over the years, been kind to give me information about my family's history.
Frankly, I have much to do in organizing and using the data, in the most
useful ways. As a beginning, my short histories of my father and brother have
been published. I also have worked with Mary Lou in compiling and editing
histories on her side of the family. It is our goal to get more of such accounts
written for family use and also to place copies in libraries and Family History

I retired in the year 2000.

"Not to know what happened before we were born is to remain
perpetually a child. For what is the worth of a human life unless it is woven
into the life of our ancestors...” Cicero, Roman statesman and orator.

(End of 1993 Personal History)

(Updated History Follows)

March 5, 2010: “This past Decade O f The Oughts” has been an
interesting one for us and our family. We have twenty two grandchildren and
twelve great grand children.

Gayle and Ron Soren’s family consists of: Owen, Janel; Alyson married
Jeremy Woodland, They have four boys, Tyler, Ethan, Calab, and Erick.
Carolyn married Jared Beck, two daughters, Ashley and Brooklyn Kate.
Jaron married Lindsey Doyle, a daughter, Lily, and a son, Conner. Camille
married Daniel Borup, two daughters. Louanna and Ambry. Shawn married
Mallory Cain. Kayleena, and Mariah.

Keith and Sandy Shaw’s family consists of: Riley and wife, Christina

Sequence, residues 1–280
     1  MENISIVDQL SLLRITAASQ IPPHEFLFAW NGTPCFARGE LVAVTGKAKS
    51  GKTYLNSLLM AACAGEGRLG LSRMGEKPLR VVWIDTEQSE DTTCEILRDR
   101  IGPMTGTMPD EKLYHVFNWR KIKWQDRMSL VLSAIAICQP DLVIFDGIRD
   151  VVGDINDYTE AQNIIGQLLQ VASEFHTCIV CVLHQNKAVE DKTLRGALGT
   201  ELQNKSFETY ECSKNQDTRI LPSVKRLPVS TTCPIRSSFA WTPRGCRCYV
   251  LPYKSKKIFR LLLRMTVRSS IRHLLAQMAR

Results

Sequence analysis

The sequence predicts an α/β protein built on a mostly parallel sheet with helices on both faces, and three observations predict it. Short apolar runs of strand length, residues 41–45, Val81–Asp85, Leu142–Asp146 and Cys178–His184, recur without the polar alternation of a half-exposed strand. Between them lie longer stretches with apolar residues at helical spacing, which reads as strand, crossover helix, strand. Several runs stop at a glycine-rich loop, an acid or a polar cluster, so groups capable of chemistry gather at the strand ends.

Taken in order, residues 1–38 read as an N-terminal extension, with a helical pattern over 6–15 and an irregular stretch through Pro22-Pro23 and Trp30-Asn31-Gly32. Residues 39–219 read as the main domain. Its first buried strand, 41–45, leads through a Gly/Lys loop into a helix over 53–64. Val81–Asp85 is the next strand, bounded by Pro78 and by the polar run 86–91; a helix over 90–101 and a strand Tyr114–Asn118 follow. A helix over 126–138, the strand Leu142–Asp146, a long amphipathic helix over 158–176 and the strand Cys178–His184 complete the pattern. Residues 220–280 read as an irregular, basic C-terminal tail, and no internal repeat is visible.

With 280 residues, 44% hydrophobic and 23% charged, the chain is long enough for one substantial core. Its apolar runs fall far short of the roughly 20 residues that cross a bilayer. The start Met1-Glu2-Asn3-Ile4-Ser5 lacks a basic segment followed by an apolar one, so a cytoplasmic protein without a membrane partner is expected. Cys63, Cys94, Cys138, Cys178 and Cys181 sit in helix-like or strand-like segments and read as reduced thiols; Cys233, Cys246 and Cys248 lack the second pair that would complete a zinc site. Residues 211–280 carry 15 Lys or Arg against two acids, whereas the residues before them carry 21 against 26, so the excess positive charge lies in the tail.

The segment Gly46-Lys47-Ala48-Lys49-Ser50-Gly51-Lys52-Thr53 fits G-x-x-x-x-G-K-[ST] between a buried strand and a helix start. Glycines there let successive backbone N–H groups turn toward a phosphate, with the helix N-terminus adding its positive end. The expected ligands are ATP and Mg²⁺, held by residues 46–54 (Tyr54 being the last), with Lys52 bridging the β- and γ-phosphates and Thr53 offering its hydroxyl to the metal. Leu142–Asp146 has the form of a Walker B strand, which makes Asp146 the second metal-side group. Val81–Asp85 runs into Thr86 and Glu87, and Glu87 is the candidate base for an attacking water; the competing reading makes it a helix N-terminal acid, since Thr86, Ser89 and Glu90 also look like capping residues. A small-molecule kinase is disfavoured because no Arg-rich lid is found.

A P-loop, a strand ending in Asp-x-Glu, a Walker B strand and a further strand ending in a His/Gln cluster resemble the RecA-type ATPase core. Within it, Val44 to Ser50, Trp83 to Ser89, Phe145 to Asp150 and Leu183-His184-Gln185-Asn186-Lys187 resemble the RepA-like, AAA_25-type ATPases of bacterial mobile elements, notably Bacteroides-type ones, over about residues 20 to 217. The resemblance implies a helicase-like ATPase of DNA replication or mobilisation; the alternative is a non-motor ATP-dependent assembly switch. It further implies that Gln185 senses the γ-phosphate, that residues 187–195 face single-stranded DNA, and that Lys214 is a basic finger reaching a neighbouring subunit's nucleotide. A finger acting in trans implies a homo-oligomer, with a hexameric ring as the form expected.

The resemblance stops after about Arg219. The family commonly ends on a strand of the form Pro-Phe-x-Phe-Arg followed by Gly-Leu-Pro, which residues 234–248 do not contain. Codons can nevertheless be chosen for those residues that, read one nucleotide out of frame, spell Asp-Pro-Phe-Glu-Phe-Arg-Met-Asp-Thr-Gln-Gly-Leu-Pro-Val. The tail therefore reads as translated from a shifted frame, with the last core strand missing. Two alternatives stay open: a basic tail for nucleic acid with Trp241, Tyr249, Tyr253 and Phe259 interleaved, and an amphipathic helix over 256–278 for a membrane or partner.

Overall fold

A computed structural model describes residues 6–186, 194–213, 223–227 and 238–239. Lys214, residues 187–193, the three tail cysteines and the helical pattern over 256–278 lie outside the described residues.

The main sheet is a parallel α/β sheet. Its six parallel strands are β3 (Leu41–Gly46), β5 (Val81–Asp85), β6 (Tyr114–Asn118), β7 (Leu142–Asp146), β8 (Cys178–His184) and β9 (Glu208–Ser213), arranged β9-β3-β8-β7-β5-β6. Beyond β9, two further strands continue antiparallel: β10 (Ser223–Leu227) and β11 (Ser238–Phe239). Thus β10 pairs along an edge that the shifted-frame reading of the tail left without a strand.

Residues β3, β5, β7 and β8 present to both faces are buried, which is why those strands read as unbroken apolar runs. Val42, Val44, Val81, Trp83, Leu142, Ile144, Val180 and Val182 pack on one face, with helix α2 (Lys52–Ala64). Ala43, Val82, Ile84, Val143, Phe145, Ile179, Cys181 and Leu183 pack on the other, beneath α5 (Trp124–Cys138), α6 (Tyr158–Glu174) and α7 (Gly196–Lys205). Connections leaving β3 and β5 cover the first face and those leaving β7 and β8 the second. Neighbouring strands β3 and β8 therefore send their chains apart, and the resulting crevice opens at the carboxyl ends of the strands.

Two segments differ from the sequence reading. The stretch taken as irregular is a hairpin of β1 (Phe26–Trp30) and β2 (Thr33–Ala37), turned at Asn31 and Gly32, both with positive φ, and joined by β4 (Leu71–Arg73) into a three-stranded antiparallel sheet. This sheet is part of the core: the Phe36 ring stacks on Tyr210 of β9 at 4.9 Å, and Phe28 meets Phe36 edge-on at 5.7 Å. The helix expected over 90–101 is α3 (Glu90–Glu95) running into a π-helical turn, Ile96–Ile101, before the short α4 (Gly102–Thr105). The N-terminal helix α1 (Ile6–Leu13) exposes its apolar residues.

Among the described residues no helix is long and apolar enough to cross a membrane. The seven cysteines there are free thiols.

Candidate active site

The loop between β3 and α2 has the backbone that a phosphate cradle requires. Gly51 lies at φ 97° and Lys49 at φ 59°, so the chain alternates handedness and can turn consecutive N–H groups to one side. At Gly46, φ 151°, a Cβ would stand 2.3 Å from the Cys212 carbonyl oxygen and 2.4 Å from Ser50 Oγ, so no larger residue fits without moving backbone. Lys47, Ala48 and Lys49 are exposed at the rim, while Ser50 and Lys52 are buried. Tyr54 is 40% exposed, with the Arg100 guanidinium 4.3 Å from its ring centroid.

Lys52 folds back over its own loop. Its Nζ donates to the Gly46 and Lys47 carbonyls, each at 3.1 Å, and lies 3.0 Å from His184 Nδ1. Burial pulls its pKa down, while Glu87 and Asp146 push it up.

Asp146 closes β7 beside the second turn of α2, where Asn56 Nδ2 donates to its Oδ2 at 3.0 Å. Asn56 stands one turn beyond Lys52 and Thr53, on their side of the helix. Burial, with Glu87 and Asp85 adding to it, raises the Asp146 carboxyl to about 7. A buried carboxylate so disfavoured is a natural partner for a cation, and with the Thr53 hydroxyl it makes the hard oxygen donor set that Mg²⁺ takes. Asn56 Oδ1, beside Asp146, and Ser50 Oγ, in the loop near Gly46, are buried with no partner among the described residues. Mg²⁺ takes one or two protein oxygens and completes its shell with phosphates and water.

McCann, son, Boston and a daughter, Phoenix. Ryan married Sarah
Zurcher. Shelsie married Cody Allen. Reagan and Randon are on full time
Church missions.

Holly and Eldon Miller’s family consists of Melissa, Jared, and Joshua.

Scott and Julia Shaw’s family consists of Ellen and Andrea.

Michael and Margo Shaw’s family consists of: Chloe, Sophia, and Eva.

It is great to have these young adults and younger children in the

My health has declined these past ten years. I have diabetes now and
suffer from many related ailments. I had a heart bypass operation in
December, 2005. Mary Lou and our family have been very caring and
supportive during this time. I thank the Lord for the strength of my body.

We have subdivided our large lot through the years. It is still our plan
to put in a cul de sac, so that houses can be built on the three lots. We engaged
a contractor and started work. We soon found that we were financially
challenged to undertake so large of a building project. Then, the current

economic conditions did not help, so we stopped. The plan still seems feasible
and perhaps we will start again at some future date.

We have a beautiful lot with several mature oak and fruit trees. It has